Wednesday, August 06, 2008

Textual Editing as Meditation

And then, every time I go through the book, just as I am my most bored and irritated, I find something.

It feels like a glimpse of enlightenment must feel to those who meditate: patience, patience, patience, then, suddenly, with a quiet but brilliant clarity, the curtains part and I can hear something I had never heard before.

Thus, when Dr. Holmes gives Rezia a tranquilizer after Septimus’ death, she falls to sleep, “She put on her hat, and ran through cornfields.” And, somehow it’s clear: Rezia, the young widow far from home, Ruth, “in tears amid the alien corn,” as Woolf had it in the essay she wrote alongside Mrs. Dalloway.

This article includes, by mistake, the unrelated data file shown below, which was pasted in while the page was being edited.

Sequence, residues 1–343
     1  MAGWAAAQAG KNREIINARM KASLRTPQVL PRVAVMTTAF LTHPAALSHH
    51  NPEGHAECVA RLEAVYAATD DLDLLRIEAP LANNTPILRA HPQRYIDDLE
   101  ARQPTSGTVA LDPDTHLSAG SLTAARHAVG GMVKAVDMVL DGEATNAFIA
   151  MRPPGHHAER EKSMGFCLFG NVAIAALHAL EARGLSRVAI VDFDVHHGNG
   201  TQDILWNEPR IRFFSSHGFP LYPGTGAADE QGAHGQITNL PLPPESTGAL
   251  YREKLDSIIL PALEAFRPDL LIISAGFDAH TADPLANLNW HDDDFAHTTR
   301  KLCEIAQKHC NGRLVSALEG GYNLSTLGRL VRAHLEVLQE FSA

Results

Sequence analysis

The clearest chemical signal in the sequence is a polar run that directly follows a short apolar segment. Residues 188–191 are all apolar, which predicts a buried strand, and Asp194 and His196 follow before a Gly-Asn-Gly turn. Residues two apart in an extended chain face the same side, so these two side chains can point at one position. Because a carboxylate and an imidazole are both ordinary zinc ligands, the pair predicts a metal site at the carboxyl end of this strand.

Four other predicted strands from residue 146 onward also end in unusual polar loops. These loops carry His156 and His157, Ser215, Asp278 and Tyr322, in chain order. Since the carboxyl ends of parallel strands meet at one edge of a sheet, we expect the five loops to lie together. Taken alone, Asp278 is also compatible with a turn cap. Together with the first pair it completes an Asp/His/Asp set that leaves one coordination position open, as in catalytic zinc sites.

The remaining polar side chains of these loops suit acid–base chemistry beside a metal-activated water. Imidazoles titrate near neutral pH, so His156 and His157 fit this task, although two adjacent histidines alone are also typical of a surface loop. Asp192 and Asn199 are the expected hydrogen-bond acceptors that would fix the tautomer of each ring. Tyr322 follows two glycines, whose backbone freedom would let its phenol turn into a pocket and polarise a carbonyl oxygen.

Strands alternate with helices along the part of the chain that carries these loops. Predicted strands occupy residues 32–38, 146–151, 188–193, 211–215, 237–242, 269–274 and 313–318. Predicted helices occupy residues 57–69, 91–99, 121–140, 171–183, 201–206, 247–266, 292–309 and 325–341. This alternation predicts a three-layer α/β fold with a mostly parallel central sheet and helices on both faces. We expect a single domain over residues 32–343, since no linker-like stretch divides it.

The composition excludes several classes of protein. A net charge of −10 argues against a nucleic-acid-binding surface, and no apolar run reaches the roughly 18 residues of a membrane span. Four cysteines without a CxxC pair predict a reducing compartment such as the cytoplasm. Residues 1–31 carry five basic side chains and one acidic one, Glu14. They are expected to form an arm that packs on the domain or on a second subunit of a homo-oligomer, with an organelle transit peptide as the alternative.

I think I am the first person to notice this. Of course, if I’m not, do tell me and I can give credit.

2 comments:

amcorrea said...

Wow...that's pretty wonderful. I never thought of that comparison with Ruth, but it makes perfect sense. How lovely and heartbreaking.

Textual editing = extreme close reading = meditation. I like that.

(I have a feeling that long translation projects may be similar...)

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